The neighboring National Elk Refuge, at almost 25,000 acres, serves as a home and a sanctuary to some of the country’s largest number of migrating elk and bison. The lower elevation is appealing to these creatures and the refuge is also home to animals like deer and bighorn sheep. In Grand Teton itself, moose are a common sighting, as well as further bison, elk, and black-tailed deer. There have also been sightings of mountain lions, wolves, and bears (both black and grizzly) around the park, although it’s rarer.

It’s important for visitors to remember to keep a safe and respectful distance from any wildlife they do see, whether observing from a vehicle or in the midst of a hike. 25 yards is a good rule of thumb for most creatures you might encounter in Grand Teton, while any predatory animals should be observed from a distance of at least 100 yards.

Is the park friendly for pets?

The general rule regarding any animals that have accompanied you to the park is that if it’s cool for a car (like campgrounds or roads), it’s cool for a canine. Among the other creatures that reside in the park and the winding layout of Grand Teton, pets could easily be in danger if given much room to explore. For this reason, there are no pets allowed in the backcountry or on the park trails. All pets must be appropriately restrained or contained, and you must clean up after your pet.

Is the park family friendly?

Very much, with ranger-led programs and hikes offering the perfect starting point for your family. These programs (with different options in the summer and winter) are a great opportunity for kids to learn about Grand Teton. Find more family-friendly activities here.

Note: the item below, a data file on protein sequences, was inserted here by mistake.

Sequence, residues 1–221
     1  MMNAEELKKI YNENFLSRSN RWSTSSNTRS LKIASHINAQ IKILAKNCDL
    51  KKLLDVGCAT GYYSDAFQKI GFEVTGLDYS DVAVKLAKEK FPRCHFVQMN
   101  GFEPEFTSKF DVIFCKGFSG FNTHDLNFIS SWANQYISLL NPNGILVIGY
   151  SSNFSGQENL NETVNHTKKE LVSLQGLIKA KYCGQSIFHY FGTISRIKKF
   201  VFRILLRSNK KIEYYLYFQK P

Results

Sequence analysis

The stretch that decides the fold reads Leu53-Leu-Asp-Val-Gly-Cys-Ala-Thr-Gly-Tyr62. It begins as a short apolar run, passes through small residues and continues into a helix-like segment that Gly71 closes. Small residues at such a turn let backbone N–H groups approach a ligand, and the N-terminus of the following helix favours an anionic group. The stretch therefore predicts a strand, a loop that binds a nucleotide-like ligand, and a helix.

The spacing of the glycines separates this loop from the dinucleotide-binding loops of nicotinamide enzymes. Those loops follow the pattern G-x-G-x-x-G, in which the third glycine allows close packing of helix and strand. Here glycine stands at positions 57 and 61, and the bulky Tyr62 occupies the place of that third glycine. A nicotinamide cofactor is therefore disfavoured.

What is the history of Grand Teton prior to being named a National Park?

Humans have explored Grand Teton National Park for at least 11,000 years. Archaeological evidence suggests they used the area encompassed by the park from spring to fall, based on what resources were available. People of European descent began exploring the area in the early 1800s, following wildlife and Native American trails through Jackson Hole and Grand Teton National Park.

When was the park established?

Establishing Grand Teton National Park was much more difficult than the relatively easy establishment of neighboring Yellowstone National Park. The original Grand Teton National Park, encompassing only the Teton Range and six lakes at the base of the mountain, was established by an act of Congress in 1929. The park was expanded in 1943 with a presidential proclamation by FDR and a donation of 35,000 acres by John D. Rockefeller. In 1950, the original 1929 park and the lands set aside in 1943 were combined, creating what we know today as Grand Teton National Park.

What mountains make up the range?

The Teton Range, mostly contained within Grand Teton National Park and to the south of nearby Yellowstone National Park, is made up of two divisions along a fault line, each known as a block.  There is the east block, which fell along the range, now referred to as Jackson Hole. This has become a popular spot for tourists in search of some mind-blowing sights and pulse-pounding skiing.

The west block rose and created the famed Rocky Mountains. Although Mount Elbert is the highest point of the Rockies, Grand Teton is the highest point of the Teton Range, rising to 13,770 feet and towering more than a mile above the valley of Jackson Hole.

Ready to book your Jackson Hole vacation or have some additional questions? Feel free to contact one of our local travel experts!